It is undisputed that the court was required to instruct the jury, and did instruct the jury, in accordance with the rules that govern claims of retaliatory discharge that were prescribed in Ford v. Blue Cross & Blue Shield of Connecticut, Inc., 216 Conn. 40, 53-54, 578 A.2d 1054 (1990), and McDonnell Douglas Corp. v. Green, 411 U.S. 792, 802-805, 93 S.Ct. 1817, 36 L.Ed.2d 668 (1973). These rules mandate a three step analysis of the plaintiff's case. "The plaintiff bears the initial burden of proving by the preponderance of the evidence a prima facie case of discrimination. In order to meet this burden, the plaintiff must present evidence that gives rise to an inference of unlawful discrimination.... If the plaintiff meets this burden, the burden then shifts to the defendant to rebut the presumption of discrimination by producing evidence of a legitimate, nondiscriminatory reason for its actions.... If the defendant carries this burden of production, the presumption raised by the prima facie case is rebutted, and the factual inquiry proceeds to a new level of specificity.... The plaintiff then must satisfy her burden of persuading the fact-finder that she was the victim of discrimination either directly by persuading the court [or jury] that a discriminatory reason more likely motivated the employer or indirectly by showing that the employer's proffered explanation is unworthy of credence." (Citations omitted; internal quotation marks omitted.) Ford v. Blue Cross & Blue Shield of Connecticut, Inc., supra, 216 Conn. at 53-54, 578 A.2d 1054.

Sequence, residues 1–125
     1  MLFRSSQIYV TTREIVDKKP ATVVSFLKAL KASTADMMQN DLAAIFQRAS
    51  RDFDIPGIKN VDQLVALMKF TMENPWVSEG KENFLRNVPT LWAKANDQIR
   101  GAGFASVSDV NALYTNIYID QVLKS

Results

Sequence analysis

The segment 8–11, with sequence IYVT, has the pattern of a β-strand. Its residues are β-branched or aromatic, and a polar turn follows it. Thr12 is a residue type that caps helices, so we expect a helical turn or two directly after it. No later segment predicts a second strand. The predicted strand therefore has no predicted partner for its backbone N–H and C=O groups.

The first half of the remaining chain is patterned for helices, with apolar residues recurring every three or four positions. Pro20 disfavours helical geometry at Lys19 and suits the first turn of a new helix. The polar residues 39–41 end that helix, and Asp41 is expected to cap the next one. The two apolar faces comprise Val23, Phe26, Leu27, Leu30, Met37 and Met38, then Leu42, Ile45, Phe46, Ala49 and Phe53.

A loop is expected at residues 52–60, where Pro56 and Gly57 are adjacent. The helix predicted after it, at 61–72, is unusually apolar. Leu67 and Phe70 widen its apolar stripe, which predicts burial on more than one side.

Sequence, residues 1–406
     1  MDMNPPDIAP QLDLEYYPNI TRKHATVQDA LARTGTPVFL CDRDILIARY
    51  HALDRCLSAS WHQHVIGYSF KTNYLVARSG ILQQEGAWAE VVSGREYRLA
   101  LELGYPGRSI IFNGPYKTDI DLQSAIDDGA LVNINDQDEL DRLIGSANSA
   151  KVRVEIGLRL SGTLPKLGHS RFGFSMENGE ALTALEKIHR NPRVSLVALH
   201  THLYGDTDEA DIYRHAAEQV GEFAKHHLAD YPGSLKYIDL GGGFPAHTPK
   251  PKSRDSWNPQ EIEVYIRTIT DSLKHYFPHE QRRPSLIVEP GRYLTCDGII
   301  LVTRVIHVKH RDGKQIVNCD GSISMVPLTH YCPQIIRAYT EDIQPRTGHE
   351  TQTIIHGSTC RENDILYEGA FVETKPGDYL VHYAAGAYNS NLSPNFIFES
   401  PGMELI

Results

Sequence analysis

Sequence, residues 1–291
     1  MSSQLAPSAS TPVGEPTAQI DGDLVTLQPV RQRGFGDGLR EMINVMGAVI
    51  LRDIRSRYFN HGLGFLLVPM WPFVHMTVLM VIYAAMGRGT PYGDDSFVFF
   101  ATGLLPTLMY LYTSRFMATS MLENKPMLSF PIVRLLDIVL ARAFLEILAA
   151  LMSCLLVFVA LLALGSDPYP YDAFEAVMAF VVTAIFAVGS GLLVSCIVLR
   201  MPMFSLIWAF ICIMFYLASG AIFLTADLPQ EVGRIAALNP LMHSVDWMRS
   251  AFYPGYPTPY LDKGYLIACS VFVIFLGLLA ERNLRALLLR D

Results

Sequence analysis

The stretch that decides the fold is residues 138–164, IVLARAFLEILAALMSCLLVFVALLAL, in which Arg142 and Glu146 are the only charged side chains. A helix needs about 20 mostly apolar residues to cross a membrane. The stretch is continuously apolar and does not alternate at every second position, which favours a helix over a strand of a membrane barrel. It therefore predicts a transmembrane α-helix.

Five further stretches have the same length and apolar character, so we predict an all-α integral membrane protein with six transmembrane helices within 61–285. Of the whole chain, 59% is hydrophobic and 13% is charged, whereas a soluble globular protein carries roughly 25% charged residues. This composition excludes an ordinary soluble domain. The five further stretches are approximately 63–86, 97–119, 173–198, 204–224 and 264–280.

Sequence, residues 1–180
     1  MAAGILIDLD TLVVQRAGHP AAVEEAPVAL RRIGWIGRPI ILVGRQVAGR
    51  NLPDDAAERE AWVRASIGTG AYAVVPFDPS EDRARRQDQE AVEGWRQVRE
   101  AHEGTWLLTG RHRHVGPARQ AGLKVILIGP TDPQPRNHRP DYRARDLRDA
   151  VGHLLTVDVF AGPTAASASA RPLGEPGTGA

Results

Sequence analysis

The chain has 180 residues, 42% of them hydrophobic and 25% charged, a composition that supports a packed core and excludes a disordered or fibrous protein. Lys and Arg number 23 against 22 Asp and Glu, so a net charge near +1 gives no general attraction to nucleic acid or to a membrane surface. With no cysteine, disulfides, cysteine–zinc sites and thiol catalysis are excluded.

With respect to the jury's allegedly improper finding that the plaintiff had failed to satisfy her initial burden of proof, the plaintiff argues that the court confused the jury by its instruction that proof that she was innocent of the charge of theft alone was not sufficient to prove her wrongful discharge in this case. We disagree. The plaintiff maintains that the court confused the jury when, at the outset of its instructions, it stated: "This case is not about whether [the plaintiff] misappropriated, stole, or did not steal the toilet. It's focused on the discharge and the reasons for the discharge." Later, the plaintiff notes, the court further stated that, in deciding whether the plaintiff had met her initial burden of proof, the jury should focus "on the reasons for discharge and why they discharged, and that's what you're dealing with. So you're not deciding whether she did or did not steal a toilet. It is evidence for you to consider as far as the overall case is concerned, but if you decide she didn't steal the toilet, that doesn't mean she wins the case."